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Impaired depth perception and restricted pitch head movement increase obstacle contacts when dual-tasking in older people


Menant, JC and St George, RJ and Fitzpatrick, RC and Lord, SR, Impaired depth perception and restricted pitch head movement increase obstacle contacts when dual-tasking in older people, Journal of Gerontology, 65, (7) pp. 751-757. ISSN 1079-5006 (2010) [Refereed Article]

Copyright Statement

The Author 2010. Published by Oxford University Press on behalf of The Gerontological Society of America. All rights reserved.

DOI: doi:10.1093/gerona/glq015


Background: Trips are the largest contributor to falls in older people, yet little is known about the underlying physiological mechanisms for safe obstacle negotiation. The aims of the study were to determine (i) the effect of a secondary visual task on obstacle contacts when older people negotiated an obstacle course and (ii) physiological factors associated with obstacle contacts.

Methods: Thirty community-living adults aged 65 years and older walked along a 14.5-m walkway containing 21 obstacles with and without a secondary task. The secondary task required participants to call out a series of letters presented in front of them at head height and the suit of a playing card framed on the sidewall. Obstacle contacts, secondary task errors, eye peak-to-peak pitch amplitude and head peak-to-peak pitch amplitude (PA-H), and head angle in pitch were measured. Participants also completed assessments of sensorimotor function and balance.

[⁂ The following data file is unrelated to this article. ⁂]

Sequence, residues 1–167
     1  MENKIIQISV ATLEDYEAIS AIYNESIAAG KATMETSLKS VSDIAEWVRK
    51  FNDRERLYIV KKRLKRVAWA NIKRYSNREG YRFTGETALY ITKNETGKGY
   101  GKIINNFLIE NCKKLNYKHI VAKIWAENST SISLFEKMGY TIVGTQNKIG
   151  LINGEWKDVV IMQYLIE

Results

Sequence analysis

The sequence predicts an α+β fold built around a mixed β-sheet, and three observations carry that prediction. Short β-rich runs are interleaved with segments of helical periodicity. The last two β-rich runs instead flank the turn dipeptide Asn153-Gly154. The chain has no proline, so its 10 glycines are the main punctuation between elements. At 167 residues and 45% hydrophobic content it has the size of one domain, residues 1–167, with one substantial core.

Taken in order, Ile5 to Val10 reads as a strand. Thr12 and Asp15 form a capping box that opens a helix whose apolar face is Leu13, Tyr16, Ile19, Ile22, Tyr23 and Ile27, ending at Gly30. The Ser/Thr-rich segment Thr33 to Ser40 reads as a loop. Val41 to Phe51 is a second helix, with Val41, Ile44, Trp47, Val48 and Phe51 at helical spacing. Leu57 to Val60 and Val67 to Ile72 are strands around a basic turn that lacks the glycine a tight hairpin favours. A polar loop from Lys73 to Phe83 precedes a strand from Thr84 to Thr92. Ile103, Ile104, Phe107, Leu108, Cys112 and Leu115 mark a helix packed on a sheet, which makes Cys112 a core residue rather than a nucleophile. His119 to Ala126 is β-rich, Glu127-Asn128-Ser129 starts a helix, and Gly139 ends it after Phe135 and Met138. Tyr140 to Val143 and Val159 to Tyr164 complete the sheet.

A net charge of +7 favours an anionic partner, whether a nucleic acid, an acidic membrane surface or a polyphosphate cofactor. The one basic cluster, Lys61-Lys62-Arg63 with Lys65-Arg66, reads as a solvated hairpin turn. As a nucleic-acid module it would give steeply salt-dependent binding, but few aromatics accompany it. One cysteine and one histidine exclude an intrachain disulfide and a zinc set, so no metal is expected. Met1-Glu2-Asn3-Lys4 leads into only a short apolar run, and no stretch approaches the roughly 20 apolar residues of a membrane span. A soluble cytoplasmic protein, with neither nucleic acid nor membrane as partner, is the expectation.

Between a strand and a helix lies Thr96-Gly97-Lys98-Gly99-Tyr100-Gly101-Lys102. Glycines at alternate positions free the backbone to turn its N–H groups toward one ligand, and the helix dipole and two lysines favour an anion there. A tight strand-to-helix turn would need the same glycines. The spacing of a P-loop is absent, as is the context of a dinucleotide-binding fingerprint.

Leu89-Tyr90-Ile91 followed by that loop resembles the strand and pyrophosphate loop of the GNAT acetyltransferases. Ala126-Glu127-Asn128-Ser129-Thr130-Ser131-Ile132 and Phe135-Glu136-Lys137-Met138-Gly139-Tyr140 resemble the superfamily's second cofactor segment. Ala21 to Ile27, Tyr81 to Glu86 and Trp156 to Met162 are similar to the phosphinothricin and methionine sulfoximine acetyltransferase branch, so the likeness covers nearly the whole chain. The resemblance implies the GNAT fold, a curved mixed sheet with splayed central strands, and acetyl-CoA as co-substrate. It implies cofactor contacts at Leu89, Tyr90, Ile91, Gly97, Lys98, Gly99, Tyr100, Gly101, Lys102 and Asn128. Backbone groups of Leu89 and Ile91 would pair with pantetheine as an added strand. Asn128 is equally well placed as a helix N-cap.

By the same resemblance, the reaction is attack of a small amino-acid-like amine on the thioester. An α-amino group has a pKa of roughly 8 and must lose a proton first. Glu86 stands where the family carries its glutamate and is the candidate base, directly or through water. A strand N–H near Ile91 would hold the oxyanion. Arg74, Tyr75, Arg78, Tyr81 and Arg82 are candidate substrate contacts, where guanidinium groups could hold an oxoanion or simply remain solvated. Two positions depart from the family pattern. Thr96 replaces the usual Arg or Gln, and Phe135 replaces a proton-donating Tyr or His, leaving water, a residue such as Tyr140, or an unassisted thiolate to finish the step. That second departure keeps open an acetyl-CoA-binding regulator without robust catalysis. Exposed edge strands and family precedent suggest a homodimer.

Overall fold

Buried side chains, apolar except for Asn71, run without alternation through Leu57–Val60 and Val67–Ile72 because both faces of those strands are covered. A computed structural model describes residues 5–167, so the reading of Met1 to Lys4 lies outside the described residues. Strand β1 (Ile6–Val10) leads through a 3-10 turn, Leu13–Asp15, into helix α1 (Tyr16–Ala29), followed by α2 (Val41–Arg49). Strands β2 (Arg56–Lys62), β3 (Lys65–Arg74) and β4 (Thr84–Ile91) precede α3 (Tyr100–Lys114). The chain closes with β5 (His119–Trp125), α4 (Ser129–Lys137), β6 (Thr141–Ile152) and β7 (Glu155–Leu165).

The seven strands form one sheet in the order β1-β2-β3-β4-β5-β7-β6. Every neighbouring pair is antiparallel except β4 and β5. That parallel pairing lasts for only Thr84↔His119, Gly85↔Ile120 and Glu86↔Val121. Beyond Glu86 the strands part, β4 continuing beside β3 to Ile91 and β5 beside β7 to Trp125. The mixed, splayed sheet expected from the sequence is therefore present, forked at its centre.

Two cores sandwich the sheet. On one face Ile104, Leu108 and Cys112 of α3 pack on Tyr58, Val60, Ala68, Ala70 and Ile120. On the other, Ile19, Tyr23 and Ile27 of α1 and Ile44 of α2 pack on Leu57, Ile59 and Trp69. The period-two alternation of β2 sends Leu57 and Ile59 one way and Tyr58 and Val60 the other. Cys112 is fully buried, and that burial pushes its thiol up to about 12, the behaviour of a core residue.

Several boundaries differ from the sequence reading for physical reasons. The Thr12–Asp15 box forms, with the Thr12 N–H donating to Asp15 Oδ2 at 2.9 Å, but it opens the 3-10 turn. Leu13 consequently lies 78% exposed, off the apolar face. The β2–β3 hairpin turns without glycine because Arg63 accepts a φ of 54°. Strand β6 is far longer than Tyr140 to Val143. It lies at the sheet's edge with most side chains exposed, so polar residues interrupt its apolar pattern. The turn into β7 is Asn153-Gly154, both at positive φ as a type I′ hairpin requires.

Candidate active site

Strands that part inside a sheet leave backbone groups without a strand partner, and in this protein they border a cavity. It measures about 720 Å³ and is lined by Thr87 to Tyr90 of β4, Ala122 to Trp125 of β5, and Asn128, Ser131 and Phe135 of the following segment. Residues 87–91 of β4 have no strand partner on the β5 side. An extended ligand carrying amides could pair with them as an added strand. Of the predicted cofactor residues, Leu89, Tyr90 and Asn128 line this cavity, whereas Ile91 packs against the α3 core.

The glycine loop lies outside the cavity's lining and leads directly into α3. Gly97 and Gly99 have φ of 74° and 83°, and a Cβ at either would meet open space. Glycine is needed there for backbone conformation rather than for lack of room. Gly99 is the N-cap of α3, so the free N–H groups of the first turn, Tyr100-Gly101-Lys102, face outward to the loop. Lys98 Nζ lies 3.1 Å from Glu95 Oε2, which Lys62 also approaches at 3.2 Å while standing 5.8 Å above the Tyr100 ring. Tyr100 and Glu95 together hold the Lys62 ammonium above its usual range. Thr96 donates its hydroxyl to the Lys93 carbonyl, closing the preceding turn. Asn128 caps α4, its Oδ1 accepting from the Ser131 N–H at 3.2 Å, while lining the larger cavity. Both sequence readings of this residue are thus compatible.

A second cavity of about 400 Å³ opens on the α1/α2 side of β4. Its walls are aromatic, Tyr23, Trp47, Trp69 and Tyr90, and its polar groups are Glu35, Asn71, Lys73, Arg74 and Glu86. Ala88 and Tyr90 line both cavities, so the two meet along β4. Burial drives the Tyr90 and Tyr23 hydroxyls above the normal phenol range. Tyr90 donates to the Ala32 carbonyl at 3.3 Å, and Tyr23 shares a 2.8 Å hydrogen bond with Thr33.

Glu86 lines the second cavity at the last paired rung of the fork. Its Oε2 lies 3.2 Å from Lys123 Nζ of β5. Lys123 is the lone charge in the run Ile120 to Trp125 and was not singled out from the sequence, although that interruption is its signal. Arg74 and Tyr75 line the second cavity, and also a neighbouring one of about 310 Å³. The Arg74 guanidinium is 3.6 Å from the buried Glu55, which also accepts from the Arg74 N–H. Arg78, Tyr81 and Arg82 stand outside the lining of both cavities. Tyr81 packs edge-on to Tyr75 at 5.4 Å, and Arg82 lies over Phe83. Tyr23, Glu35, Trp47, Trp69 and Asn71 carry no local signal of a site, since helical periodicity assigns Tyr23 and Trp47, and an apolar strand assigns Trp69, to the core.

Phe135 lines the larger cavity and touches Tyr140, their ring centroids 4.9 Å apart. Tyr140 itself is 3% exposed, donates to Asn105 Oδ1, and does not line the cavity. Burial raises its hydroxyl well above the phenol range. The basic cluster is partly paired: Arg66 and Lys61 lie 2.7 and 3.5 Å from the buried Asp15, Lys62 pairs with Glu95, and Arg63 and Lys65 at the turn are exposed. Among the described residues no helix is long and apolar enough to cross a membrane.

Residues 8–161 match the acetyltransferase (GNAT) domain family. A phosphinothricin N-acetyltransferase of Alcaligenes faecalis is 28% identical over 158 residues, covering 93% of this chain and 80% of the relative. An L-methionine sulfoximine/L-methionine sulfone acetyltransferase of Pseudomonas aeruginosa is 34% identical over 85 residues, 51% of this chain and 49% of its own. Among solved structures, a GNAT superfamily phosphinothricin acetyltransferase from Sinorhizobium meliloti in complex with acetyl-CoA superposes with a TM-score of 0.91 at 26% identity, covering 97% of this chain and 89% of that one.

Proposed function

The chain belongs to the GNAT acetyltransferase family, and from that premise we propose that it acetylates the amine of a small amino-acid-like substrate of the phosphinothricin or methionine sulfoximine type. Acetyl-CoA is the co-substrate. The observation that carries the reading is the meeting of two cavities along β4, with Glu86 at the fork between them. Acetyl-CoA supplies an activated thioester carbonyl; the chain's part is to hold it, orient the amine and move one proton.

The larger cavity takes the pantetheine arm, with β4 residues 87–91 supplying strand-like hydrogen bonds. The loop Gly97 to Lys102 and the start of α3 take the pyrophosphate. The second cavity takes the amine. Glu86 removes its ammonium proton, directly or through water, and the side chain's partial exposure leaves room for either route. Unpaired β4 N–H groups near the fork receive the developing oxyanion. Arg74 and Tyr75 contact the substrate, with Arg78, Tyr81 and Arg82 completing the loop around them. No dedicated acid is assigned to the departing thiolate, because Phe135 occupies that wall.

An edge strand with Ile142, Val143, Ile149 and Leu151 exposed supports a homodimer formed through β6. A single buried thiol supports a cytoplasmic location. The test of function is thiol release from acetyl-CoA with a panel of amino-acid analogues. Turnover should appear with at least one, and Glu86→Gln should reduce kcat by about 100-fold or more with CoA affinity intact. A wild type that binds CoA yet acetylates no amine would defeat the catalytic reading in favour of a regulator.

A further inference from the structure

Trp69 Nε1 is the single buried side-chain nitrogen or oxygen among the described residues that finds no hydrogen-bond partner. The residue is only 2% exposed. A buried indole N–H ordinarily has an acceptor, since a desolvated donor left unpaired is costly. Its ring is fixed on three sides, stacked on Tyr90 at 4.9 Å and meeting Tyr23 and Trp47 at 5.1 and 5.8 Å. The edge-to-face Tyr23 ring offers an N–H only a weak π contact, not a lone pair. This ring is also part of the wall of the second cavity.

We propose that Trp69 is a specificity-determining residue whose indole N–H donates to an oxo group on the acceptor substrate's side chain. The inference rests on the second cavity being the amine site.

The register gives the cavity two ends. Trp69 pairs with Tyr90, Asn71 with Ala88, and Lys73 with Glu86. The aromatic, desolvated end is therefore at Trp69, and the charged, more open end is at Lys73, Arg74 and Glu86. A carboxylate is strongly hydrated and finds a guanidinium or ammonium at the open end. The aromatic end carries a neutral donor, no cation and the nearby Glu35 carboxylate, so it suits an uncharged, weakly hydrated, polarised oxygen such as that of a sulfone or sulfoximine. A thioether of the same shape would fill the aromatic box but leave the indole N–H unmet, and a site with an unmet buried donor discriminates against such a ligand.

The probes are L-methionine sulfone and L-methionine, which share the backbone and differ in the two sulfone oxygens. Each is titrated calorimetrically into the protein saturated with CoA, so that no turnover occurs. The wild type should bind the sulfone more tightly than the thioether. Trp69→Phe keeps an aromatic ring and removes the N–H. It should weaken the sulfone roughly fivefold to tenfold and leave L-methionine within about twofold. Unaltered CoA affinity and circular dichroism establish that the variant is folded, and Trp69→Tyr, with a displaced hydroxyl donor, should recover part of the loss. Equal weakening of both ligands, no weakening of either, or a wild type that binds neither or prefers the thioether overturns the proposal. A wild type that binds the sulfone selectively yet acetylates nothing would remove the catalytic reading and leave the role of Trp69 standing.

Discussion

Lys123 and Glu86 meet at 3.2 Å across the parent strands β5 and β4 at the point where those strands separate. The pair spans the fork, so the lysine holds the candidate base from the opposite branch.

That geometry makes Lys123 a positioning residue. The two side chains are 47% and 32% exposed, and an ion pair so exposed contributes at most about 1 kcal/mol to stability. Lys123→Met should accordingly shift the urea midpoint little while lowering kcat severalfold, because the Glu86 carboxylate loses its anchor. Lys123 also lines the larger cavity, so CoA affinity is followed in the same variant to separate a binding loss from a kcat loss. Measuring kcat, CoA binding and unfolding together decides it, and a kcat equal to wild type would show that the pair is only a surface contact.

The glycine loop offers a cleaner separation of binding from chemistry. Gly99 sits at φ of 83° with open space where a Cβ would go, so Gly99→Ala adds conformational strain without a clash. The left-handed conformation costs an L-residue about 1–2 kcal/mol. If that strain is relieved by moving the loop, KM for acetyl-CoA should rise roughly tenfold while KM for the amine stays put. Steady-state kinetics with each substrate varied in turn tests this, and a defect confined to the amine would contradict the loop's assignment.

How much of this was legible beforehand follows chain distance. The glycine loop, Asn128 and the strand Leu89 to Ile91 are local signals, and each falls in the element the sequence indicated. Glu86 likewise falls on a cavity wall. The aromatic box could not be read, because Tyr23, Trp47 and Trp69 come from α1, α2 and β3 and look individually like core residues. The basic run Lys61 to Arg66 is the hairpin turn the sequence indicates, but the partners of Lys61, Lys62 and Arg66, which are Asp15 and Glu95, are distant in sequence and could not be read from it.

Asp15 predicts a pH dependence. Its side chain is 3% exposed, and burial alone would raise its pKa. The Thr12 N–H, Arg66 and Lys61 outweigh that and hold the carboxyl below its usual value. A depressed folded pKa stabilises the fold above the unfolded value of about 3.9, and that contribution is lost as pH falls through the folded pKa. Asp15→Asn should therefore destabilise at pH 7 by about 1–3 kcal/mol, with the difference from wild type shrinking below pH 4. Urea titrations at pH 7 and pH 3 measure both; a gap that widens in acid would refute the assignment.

Results: Compared with the obstacle-only trials, participants performed the dual-task trials more slowly (p < 0.001), contacted more obstacles (p = 0.032), showed greater PA-H (p < 0.001), and an extended head position (p < 0.001). Most participants also made secondary task errors. Regression analysis revealed that depth perception was the only significant determinant of obstacle contacts (explaining 20.6% of the variance) in the obstacle-only task and that depth perception and PA-H were independent and significant determinants of obstacle contacts (explaining 42.3% of the variance) in the dual task.

Conclusion: The findings demonstrate the importance of depth perception and head movement for safe negotiation of obstacles in older people and suggest that depth perception in particular should form part of fall risk assessments.

Item Details

Item Type:Refereed Article
Keywords:walking, aged, vision
Research Division:Health Sciences
Research Group:Sports science and exercise
Research Field:Motor control
Objective Division:Health
Objective Group:Clinical health
Objective Field:Clinical health not elsewhere classified
UTAS Author:St George, RJ (Dr Rebecca St George)
ID Code:116430
Year Published:2010
Web of Science® Times Cited:27
Deposited By:Psychology
Deposited On:2017-05-10
Last Modified:2017-07-26

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